I looked at nitric oxide and healing endothelial dysfunction to help my husband, who has MS.
Here's the program and research---there are many ways to increase endothelial nitric oxide (eNOS) bioavailability and heal the endothelium.
It's not just one supplement ...it's a whole lifestyle.http://www.ccsvi.org/index.php/helping- ... ial-health
Many of the modes of increasing eNOS bioavailabilty will look familiar to those with MS: increasing UV rays, maintaining vitamin B and vitamin D levels, eating whole foods--fruits and vegetables, and getting plenty of antioxidants-- decreasing stress, not smoking,
That said, if iNOS breaks through the blood brain barrier, it can be destructive to CNS tissue. We want healthy blood vessels, which are not permeable. We want the blood brain barrier to remain intact, with endothelial tight junctions. And nitric oxide is needed to maintain this process. Depleting or inhibiting NO is not a good idea. Limiting oxidative stress is the best way.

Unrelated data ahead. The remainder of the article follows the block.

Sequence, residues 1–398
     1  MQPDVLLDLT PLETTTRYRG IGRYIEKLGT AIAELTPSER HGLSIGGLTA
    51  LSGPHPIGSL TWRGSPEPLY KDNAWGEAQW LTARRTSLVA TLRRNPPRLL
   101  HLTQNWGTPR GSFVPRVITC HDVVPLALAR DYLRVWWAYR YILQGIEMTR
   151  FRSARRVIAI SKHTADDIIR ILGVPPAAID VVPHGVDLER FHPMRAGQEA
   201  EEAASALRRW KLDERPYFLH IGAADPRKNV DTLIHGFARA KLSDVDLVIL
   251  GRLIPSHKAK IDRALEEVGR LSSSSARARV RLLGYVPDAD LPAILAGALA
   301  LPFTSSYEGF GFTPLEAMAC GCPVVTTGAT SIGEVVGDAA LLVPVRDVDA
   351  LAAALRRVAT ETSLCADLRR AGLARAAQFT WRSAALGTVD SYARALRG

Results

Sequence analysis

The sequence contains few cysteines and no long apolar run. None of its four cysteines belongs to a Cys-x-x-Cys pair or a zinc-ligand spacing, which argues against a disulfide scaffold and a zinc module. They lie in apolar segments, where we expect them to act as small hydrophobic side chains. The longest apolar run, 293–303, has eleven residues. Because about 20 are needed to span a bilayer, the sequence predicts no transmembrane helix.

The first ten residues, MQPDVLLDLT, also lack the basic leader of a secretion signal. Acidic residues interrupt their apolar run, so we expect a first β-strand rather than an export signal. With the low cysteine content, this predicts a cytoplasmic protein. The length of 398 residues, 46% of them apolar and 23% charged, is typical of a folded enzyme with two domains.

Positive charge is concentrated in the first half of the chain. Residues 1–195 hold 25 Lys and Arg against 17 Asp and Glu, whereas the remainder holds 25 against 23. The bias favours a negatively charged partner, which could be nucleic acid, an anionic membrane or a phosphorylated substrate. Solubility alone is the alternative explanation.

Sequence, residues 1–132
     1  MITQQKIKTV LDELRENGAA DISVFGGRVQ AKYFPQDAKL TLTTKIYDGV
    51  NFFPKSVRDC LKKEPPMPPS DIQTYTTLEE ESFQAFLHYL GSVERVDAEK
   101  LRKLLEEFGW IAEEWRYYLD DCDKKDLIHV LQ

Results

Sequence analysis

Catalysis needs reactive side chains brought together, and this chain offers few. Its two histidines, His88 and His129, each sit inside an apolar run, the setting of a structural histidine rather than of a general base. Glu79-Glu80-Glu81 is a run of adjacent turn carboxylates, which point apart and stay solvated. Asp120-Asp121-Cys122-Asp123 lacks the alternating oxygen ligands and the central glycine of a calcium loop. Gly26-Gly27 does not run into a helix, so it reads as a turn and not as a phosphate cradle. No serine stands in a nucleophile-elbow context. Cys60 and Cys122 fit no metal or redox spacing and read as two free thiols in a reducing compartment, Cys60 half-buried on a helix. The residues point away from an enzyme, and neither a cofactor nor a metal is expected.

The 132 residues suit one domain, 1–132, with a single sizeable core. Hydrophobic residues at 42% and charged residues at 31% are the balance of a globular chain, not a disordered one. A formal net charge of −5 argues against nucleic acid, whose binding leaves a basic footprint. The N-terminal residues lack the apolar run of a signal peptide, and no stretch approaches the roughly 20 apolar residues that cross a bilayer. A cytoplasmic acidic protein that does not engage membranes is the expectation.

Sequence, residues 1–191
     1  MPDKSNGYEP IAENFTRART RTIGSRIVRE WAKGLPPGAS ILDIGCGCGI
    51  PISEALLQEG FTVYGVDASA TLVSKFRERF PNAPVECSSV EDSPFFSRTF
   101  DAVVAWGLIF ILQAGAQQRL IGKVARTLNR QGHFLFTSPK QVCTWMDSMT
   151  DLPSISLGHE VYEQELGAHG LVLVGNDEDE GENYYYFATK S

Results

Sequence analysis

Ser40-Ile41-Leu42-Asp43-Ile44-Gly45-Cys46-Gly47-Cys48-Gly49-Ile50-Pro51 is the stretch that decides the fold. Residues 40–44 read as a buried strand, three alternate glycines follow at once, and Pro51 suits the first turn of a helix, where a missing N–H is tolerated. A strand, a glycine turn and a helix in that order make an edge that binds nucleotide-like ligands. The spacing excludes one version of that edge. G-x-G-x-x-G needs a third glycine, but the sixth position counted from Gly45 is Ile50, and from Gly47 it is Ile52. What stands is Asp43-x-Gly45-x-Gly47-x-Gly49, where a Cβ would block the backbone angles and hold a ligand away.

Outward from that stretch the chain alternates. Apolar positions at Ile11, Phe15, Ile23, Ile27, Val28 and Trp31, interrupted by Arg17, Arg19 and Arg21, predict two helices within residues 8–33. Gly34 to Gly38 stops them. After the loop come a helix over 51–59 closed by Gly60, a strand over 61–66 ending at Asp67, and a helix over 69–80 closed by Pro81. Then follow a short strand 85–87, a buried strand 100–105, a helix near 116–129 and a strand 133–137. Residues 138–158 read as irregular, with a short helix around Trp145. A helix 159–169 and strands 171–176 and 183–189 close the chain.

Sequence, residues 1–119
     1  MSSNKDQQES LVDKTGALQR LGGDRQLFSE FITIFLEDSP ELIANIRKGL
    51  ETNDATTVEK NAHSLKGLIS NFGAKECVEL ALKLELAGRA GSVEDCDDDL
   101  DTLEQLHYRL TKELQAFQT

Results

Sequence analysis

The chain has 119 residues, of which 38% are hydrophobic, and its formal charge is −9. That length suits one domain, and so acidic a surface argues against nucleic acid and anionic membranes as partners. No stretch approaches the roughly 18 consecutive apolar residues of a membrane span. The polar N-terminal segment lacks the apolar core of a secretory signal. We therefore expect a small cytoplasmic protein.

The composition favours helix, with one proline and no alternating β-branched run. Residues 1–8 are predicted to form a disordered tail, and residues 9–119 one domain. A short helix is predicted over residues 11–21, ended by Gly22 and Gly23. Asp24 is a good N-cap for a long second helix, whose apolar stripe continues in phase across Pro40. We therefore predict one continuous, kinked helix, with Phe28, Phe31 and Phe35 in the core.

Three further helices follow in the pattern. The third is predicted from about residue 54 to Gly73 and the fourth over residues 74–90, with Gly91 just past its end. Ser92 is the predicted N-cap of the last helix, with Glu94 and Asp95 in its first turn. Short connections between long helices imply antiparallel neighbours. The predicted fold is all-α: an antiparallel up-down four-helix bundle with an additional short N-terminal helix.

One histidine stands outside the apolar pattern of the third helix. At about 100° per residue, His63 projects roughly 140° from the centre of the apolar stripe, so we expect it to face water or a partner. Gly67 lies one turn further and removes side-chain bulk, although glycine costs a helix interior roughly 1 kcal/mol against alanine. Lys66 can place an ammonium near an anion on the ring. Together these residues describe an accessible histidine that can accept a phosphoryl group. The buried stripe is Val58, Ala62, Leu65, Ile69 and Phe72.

If the endothelium becomes damaged and the NO levels become imbalanced, cells which should remain in the blood can leak through blood vessels and into adjacent body tissue. Some of the leaked cells can include proteins, such as the C-Reactive protein, which is produced by the liver and causes inflammation8. By inhibiting NO, endothelial signaling can become impaired, and disease may result. Because the endothelium actively maintains approximately 60,000 miles of blood vessels in our body, endothelial dysfunction has been linked to a wide variety of diseases
So---NO is not inherently bad, just as iron or plasmic particles are not inherently bad. It's just that once the blood brain barrier is open, damage can occur to tissue if it is exposed to these factors. Hope that explains it a bit.